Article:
Tax Basics: A Beginners Guide to Taxes
By FindLaw Staff | Legally reviewed by John Devendorf, Esq. | Last reviewed December 13, 2021
This article has been written and reviewed for legal accuracy, clarity, and style by FindLaw’s team of legal writers and attorneys and in accordance with our editorial standards.
The last updated date refers to the last time this article was reviewed by FindLaw or one of our contributing authors. We make every effort to keep our articles updated. For information regarding a specific legal issue affecting you, please contact an attorney in your area.
Congress, the legislative branch of the government, writes the Internal Revenue Code (IRC), also called the tax code. The tax code directs the collection of taxes, the enforcement of the federal tax rules, and the issuance of tax refunds, rebates, and credits. The Internal Revenue Service (IRS) is the government agency within the U.S. Department of Treasury that is in charge of carrying out these functions.
Since everyone who makes over a certain amount must pay taxes, it's important to get a general understanding of federal tax laws in the United States. For articles focused on more specific topics, see the index for FindLaw's Tax Law section.
How Is the Tax Code Interpreted?
The IRS interprets tax provisions through IRS regulations, which provide guidance on the application of tax law. Because not every tax code has a regulation, the IRS also uses revenue rulings, revenue procedures, and letter rulings to offer guidance. Although the IRS can offer its own interpretation of the tax code, when there is a dispute, the courts interpret the tax code and decide how Congress intended the tax rules to be applied.
How Does the Government Use Taxes?
The U.S. government collects income taxes and payroll taxes from individuals and corporate income taxes from companies. The government disburses the money, according to the federal budget, to the appropriate agency to use for purposes like national defense, Social Security, education, national parks, and for government services like welfare.
How Does the Government Collect Income Taxes?
The government receives most of its revenue for its budget through income taxes. The collection of income taxes occurs throughout the year by withholding money from a person's paychecks. At the end of the year, every person that earned income must file a tax return to determine whether the government collected enough taxes through withholding or whether the government owes a person a refund for paying too much tax.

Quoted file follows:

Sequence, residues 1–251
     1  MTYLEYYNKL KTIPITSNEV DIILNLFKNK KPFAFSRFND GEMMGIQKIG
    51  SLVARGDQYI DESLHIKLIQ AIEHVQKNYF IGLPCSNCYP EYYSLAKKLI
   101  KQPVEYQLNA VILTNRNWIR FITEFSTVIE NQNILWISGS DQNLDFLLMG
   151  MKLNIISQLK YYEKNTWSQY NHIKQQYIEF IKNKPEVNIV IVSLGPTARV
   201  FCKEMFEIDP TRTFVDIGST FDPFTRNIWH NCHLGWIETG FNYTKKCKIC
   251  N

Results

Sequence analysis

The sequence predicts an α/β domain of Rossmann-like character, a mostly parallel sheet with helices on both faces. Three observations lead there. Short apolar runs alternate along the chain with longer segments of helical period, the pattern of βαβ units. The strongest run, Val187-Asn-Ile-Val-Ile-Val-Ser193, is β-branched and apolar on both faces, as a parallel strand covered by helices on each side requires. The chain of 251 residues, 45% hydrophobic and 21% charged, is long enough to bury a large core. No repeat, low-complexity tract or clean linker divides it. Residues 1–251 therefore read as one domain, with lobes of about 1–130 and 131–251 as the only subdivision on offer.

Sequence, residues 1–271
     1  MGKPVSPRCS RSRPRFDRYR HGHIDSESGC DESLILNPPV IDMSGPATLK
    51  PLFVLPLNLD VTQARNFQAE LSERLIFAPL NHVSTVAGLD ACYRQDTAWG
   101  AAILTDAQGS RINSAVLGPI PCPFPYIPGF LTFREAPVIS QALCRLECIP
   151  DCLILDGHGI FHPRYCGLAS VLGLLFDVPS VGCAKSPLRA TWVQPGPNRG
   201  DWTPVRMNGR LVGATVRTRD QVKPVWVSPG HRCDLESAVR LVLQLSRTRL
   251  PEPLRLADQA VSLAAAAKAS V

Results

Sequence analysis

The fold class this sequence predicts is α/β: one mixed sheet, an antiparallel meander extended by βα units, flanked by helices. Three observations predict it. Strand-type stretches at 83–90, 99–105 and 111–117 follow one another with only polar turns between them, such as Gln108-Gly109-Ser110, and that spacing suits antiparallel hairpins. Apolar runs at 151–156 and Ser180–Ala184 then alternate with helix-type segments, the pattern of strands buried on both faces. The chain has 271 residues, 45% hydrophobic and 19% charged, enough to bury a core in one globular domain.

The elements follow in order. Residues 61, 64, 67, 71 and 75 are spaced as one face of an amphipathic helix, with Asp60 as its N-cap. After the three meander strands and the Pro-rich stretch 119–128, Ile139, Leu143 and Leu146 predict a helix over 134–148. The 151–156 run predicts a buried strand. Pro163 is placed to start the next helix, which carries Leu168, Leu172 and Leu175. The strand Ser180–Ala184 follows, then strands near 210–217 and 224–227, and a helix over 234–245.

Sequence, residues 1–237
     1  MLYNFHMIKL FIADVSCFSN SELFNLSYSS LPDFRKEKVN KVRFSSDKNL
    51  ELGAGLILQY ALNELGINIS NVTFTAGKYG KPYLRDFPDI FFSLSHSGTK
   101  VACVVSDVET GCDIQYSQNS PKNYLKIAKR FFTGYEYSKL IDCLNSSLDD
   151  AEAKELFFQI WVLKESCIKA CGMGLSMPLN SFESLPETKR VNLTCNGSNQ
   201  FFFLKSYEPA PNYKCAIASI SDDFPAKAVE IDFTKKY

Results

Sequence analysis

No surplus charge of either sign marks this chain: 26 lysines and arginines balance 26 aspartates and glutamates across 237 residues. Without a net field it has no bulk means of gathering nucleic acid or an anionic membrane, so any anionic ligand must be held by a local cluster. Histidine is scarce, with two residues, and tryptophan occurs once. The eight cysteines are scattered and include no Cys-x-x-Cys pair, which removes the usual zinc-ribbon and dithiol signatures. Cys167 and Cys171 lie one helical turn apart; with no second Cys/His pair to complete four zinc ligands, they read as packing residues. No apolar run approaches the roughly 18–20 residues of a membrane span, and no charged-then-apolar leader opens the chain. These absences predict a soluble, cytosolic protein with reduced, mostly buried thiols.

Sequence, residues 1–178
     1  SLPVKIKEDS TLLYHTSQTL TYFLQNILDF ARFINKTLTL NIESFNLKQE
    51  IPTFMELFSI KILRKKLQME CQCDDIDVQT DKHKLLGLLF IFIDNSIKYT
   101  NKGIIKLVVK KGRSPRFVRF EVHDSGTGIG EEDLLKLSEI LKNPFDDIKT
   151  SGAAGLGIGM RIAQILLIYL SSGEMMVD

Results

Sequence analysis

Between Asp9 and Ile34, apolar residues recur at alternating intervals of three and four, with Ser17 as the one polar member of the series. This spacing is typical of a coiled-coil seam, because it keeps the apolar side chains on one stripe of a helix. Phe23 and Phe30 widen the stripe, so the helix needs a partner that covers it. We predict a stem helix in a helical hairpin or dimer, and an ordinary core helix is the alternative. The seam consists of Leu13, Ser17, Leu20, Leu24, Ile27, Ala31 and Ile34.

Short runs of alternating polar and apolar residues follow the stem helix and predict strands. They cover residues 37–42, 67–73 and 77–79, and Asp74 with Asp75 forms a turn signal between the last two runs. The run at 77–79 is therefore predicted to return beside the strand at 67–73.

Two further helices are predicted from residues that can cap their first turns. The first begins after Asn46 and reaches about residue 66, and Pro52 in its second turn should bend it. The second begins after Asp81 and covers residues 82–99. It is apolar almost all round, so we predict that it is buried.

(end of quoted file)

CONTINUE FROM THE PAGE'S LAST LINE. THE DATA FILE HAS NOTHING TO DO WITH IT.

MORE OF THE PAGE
What Is Taxable Income?
The IRC defines gross income as "income from whatever source derived." There are two types of income subject to taxation: earned income and unearned income. Earned income includes:
- Unemployment benefits
- Sick pay
- Some noncash fringe benefits
Taxable unearned income may include:
- Profit from the sale of assets
- Business and farm income
- Rental income
- Gambling winnings
- Gifts and inheritance
It is possible to reduce taxable income by contributing to a retirement account like a 401(k) or an IRA.
What Are Allowable Deductions?
The government allows the deduction of some types of expenses from a person's adjusted gross income, or gross income minus adjustments. A person can exclude some income from taxation by using a standard deduction amount based on the taxpayer's filing status or by itemizing certain types of expenses. Allowable itemized expenses can include mortgage interest, state and local taxes, charitable contributions, and medical expenses.
If in Doubt, Get Informed: Contact a Tax Law Attorney
Anyone can make an honest mistake with regard to taxes but the IRS is strict about enforcement. Since everyone's tax situation is a little different, you may have questions that aren't easily answered through a simple online search. Get ahead of the curve and get help from an experienced tax law attorney.
You Don’t Have To Solve This on Your Own – Get a Lawyer’s Help
Meeting with a lawyer can help you understand your options and how to best protect your rights. Visit our attorney directory to find a lawyer near you who can help.
Contact a qualified tax attorney to help you navigate your federal and/or state tax issues.